Former DNC Chair Debbie Wasserman Schultz’s Tough Primary Race Just Got Tougher by the Forward

Former DNC Chair Debbie Wasserman Schultz’s Tough Primary Race Just Got Tougher

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Last week, outrage over her party’s machinations against Sen. Bernie Sanders in the primary race cost Jewish Rep. Debbie Wasserman Schultz her seat as chair of the Democratic National Committee. Now, along with the specter of the Iran deal, it may be coming after her seat in the House.

A new poll released by Wasserman Schultz’s primary opponent Tim Canova from polling firm FM3 shows Wasserman Schultz in the lead by eight points. However, after learning more information about Canova, who leans to the left of Wasserman Schultz on most issues and was endorsed by Sanders, the gap fell to just three points.

The leak of nearly 20,000 hacked DNC emails two weeks ago confirmed for many Sanders supporters their suspicions that Wasserman Schultz and the party were working to undermine Sanders’ campaign. Some emails revealed that the party had a general bias in favor of Hillary Clinton’s campaign, and in several instances it had discussed strategies to weaken Sanders’ campaign.

Some Florida Democrats have publicly expressed their anger at Wasserman Schultz. When she tried to address Florida party delegates at the start of the Democratic National Convention last week, she was booed off the stage.

Primary opponent Canova said last week that he would be filing a complaint against Wasserman Schultz with the Federal Election Commission, claiming that the leaked emails also show she used party resources to help her campaign in violation of federal law.

“The Wikileaks emails indicate that Debbie Wasserman Schultz used DNC resources to assist her reelection campaign in violation of federal law. According to the emails, top DNC officials used party resources to monitor, respond to, and impede my campaign on numerous occasions,” Canova told Reuters in a statement.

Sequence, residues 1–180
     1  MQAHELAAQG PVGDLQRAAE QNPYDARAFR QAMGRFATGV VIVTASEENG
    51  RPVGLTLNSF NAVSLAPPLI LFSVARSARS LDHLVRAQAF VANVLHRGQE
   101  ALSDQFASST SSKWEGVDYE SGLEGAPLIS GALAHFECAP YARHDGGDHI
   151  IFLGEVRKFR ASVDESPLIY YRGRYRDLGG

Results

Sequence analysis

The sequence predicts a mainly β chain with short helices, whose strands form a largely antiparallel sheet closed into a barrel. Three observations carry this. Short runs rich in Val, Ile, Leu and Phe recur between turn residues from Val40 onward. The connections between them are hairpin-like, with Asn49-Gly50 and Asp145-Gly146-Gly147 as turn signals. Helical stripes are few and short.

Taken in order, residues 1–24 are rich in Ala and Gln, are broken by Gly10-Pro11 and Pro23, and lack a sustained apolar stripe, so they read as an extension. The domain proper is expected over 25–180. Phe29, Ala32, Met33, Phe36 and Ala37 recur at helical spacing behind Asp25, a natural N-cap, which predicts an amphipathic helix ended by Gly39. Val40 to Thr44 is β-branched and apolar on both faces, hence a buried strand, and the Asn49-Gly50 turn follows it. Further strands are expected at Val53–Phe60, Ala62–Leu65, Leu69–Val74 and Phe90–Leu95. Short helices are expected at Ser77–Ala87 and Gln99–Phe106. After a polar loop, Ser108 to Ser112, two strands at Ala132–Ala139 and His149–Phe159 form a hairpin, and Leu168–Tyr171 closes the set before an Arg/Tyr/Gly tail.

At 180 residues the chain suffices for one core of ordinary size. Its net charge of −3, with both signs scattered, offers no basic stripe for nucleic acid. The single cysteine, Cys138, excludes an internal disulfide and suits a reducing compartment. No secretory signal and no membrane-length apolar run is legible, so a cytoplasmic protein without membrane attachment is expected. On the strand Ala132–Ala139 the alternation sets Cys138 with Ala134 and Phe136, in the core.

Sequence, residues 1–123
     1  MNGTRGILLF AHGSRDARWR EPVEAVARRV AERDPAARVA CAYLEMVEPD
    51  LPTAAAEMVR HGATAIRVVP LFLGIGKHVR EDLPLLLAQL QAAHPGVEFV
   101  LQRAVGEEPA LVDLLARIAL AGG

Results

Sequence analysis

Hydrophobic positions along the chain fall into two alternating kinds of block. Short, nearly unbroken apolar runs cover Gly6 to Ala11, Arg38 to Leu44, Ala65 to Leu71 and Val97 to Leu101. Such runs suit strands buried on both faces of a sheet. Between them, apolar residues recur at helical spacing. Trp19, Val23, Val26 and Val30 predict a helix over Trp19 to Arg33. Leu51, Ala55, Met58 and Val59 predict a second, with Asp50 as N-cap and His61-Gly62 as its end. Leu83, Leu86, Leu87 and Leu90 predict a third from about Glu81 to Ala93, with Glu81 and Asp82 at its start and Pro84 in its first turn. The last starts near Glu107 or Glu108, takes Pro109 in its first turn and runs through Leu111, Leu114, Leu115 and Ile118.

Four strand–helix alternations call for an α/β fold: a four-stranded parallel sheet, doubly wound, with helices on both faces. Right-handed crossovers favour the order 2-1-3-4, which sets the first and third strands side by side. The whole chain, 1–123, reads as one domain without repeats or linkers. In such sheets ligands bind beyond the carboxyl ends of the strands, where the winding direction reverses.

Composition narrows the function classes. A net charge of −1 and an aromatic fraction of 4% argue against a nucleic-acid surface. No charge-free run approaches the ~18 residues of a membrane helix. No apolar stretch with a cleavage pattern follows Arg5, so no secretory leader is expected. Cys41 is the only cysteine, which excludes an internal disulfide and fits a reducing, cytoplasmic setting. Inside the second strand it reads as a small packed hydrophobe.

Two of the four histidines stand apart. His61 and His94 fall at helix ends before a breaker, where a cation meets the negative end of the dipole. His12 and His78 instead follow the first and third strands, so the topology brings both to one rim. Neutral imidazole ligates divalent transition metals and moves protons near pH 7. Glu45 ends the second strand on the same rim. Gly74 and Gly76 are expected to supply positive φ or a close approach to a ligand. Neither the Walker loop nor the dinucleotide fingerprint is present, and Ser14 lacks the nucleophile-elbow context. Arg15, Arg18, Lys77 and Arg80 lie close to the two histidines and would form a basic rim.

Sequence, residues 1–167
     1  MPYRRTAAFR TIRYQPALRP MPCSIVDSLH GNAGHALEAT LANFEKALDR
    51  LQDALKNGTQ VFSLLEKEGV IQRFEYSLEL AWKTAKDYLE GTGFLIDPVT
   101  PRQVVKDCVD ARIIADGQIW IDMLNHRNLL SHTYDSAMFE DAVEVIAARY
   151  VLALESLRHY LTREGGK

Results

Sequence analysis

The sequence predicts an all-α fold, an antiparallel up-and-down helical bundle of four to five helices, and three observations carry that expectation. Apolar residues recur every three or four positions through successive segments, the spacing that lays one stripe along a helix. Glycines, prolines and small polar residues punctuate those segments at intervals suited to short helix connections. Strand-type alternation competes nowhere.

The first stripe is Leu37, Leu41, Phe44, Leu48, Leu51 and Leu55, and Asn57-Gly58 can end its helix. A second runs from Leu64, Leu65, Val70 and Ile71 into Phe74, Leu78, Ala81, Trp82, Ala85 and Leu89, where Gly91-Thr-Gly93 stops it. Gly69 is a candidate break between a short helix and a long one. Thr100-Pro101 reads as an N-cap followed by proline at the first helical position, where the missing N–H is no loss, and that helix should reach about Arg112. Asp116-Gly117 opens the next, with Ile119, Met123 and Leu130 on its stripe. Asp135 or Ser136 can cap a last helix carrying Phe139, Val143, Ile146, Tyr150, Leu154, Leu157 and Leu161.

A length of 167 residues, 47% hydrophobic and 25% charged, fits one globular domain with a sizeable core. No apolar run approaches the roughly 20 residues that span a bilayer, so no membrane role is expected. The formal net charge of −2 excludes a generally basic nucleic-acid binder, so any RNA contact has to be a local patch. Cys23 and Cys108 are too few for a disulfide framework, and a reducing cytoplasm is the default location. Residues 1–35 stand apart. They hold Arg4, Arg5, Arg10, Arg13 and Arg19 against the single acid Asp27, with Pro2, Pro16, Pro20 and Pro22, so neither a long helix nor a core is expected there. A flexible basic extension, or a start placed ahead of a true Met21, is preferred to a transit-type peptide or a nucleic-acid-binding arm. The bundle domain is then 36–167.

However, while Canova may channel the leftist sentiments that brought Sanders more than half a million votes in the Florida primary, on Israel he is attacking Wasserman Schultz from the right.

Canova has strongly criticized Wasserman Schultz’s support of the president’s Iran nuclear deal, which he and other critics have said will worsen the threat against Israel.

“I’m already meeting with rabbis and local Jewish leaders,” he told the Forward in a May interview. “Folks are afraid of her,” Canova said.

Canova did note at the time that he has yet to translate those meetings into public support.

Wasserman Schultz was by no means a vocal supporter of the deal. She waited until the last minute to voice her support, and the Florida congresswoman did publicly voice reservations as well as hosted Vice President Joe Biden at a meeting with Jewish leaders in her district to deliberate the deal.

While Canova is not Jewish, he grew up with a Jewish stepfather and has visited Israel many times, even living for several months on a kibbutz, as Sanders did in the 1960s.

Since Sanders’ endorsement, Canova has drawn almost even with Wasserman Schultz in fundraising. He has raised $2.27 million so far, to Wasserman Schultz’s $2.81 million, according to Federal Election Commission filings.

Data journalism site FiveThirtyEight, created by polling expert Nate Silver, gave FM3 a B- in its new project grading polling firms on their accuracy. Of the seven polls the site analyzed, the firm called nearly 80 percent of the races correctly.

Contact Drew Gerber at or on Twitter, @dagerber


Debbie Wasserman Schultz’s Tough Primary Race Just Got Tougher

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